Unconventional Christmas Movies

Sometimes it’s hard to tell whether the director was trying to channel their holiday cheer into something that breaks the stereotypical Hallmark movie formula or if they just happen to really like the time of year that Christmas takes place in. Here are a few cases of Christmas movies that don’t quite fit that mold and why they’re worth watching:

1. Die Hard

This one is the most obvious to my film student brain. It’s not in your face Christmas cheer and general holly jolliness, but in between the awesome fight scenes and iconic one liners is the core of the plot. The catalyst of the plot revolves around John McClane visiting his wife at a holiday party on Christmas Eve and being thrust into greatness when the guests are taken hostage by a group of terrorists. There are signs of this being a typical Christmas movie all over- motifs of snow, trees, among others in the beginning before the plot really takes a turn.

2. The Nightmare before Christmas

I have never understood why people think of this as a Halloween movie rather than a Christmas movie. Sure, the main character is from the Halloween realm in this fantasy world, but the kids literally steal Santa Claus. It might not be a Hallmark movie in terms of romance with the exception of Sally’s solo songs, but it still rings true in the spirit of the holiday.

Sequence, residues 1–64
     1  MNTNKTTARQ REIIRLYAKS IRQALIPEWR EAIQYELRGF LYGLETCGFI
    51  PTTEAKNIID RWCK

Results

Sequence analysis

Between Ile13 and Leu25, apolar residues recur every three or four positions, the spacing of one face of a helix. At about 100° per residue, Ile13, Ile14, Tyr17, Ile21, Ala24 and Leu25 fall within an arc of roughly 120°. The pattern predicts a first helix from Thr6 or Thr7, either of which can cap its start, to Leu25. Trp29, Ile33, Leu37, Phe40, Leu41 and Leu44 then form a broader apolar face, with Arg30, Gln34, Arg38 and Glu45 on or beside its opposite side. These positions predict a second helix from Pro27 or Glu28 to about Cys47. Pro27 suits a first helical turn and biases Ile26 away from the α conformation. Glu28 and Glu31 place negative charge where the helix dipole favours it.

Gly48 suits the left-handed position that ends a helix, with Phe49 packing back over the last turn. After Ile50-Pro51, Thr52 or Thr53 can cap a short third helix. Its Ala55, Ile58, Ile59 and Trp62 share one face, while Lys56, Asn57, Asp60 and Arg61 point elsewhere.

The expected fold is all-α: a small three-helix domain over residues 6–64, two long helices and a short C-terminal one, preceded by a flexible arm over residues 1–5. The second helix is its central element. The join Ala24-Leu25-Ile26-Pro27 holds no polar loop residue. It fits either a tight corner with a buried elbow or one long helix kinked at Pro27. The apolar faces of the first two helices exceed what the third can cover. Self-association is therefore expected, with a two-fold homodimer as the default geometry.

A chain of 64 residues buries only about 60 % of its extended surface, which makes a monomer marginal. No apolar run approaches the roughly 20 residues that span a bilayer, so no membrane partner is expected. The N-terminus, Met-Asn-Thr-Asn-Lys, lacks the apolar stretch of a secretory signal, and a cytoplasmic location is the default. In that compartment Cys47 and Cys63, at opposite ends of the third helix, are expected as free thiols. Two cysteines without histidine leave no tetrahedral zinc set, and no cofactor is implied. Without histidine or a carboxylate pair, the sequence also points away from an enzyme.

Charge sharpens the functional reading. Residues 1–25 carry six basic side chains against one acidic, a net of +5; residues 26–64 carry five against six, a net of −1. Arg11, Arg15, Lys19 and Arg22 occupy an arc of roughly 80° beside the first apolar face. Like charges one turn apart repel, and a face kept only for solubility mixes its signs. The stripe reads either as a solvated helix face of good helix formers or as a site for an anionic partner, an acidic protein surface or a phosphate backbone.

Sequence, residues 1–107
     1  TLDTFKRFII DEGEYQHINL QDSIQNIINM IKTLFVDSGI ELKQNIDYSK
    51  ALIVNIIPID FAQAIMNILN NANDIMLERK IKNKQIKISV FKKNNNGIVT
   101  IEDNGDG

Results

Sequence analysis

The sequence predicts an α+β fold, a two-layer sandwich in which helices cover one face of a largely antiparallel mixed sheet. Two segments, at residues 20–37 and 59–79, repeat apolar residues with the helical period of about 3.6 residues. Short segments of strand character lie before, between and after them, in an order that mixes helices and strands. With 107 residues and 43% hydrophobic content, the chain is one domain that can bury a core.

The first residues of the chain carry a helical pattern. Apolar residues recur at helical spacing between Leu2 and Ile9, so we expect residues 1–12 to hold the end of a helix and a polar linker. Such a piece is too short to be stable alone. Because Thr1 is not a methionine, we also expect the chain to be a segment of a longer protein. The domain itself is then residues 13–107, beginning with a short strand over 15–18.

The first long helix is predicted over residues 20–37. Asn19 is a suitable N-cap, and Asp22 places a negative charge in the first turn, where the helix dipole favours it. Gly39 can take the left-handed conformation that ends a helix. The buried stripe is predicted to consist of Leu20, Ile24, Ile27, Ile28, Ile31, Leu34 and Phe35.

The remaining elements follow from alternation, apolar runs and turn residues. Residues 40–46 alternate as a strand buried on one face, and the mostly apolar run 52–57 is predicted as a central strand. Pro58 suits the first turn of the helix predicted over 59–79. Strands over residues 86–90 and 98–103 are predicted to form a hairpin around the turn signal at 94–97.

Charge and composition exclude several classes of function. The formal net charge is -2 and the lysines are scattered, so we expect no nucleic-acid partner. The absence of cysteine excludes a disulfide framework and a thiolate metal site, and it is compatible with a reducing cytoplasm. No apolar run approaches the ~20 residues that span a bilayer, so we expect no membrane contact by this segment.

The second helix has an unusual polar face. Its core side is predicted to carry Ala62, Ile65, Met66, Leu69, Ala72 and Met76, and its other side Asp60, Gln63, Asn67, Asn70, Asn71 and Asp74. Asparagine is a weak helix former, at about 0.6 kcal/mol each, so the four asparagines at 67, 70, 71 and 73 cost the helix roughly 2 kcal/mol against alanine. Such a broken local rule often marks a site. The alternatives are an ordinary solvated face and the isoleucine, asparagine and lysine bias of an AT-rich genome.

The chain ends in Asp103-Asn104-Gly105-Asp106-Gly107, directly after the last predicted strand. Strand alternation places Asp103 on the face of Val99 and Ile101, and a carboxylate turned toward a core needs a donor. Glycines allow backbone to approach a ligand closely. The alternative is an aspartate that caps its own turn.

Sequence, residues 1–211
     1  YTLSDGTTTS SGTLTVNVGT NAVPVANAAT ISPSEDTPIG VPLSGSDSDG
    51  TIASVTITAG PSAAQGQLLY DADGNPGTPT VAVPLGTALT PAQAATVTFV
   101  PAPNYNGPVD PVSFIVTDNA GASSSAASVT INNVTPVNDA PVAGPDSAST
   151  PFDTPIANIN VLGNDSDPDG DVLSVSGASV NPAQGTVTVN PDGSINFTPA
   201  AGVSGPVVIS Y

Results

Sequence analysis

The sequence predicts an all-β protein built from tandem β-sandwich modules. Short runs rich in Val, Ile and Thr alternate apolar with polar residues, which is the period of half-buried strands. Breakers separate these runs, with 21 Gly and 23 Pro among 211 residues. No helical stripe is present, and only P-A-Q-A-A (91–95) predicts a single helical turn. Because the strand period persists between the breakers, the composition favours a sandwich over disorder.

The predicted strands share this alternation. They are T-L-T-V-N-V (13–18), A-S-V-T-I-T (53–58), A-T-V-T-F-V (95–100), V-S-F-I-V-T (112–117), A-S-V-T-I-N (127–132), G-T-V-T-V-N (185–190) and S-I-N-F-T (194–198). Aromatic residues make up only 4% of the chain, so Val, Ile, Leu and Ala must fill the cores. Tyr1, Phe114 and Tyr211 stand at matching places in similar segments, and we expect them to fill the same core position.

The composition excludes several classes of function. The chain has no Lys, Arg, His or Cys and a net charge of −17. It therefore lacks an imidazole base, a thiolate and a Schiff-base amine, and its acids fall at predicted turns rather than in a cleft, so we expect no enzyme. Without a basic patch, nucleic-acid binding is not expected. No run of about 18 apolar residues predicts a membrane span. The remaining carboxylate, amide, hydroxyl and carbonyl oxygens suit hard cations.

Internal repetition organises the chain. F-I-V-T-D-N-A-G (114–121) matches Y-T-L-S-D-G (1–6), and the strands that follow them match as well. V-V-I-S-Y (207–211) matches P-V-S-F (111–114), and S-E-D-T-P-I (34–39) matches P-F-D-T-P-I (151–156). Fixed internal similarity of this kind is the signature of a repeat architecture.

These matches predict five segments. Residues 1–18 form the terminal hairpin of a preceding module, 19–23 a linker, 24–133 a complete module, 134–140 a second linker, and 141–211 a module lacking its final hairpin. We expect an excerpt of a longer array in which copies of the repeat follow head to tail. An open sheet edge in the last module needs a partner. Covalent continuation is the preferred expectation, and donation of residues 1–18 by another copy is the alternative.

3. Krampus

This one might be a little bit too intense for some people, but for SFX makeup geeks like me this movie is iconic. It takes the standard Christmas movie and turns it on its head, embracing the horror aspect of the original Kris Kringle. The main monster of the film is “Krampus”, an otherworldly being based on the original pagan folklore of the holiday who eats naughty children. This movie is fantastic for those who can’t stand to watch another girl move to the city, not knowing the true meaning of Christmas, then meet a town boy that shows her that Christmas is super cool. Ugh.

4. Office Christmas Party

This movie screams T.J. Miller. It follows the unraveling chaos of a raunchy Christmas party in an undeniably hilarious way. There are all the familiar aspects of a Christmas party- your boss being awkwardly interested in your life, small talk with colleagues you barely know on a regular basis let alone today, planning mishaps and way too much alcohol for anyone to know what’s good for them. There is even a family based subplot like many Hallmark movies- the true meaning of family is just tested in a lot of…interesting ways in this variation of it.

5. Trading Places

This one is a bit more of a stretch than the others. It follows two men who fall on opposite ends of the socioeconomic spectrum- a wealthy broker and a down on his luck hustler- who well, trade places. The action hits a boiling point at the office Christmas party, where Valentine is framed by Winthorpe. Though this film doesn’t obviously embrace the typical “Christmas is for family and friends and love” mentality and rather focuses on exposing the evils of corporate America, it still takes place around the same time frame as a typical Christmas movie and breaks into the realm of motifs with snow, warm jackets, and dull lights.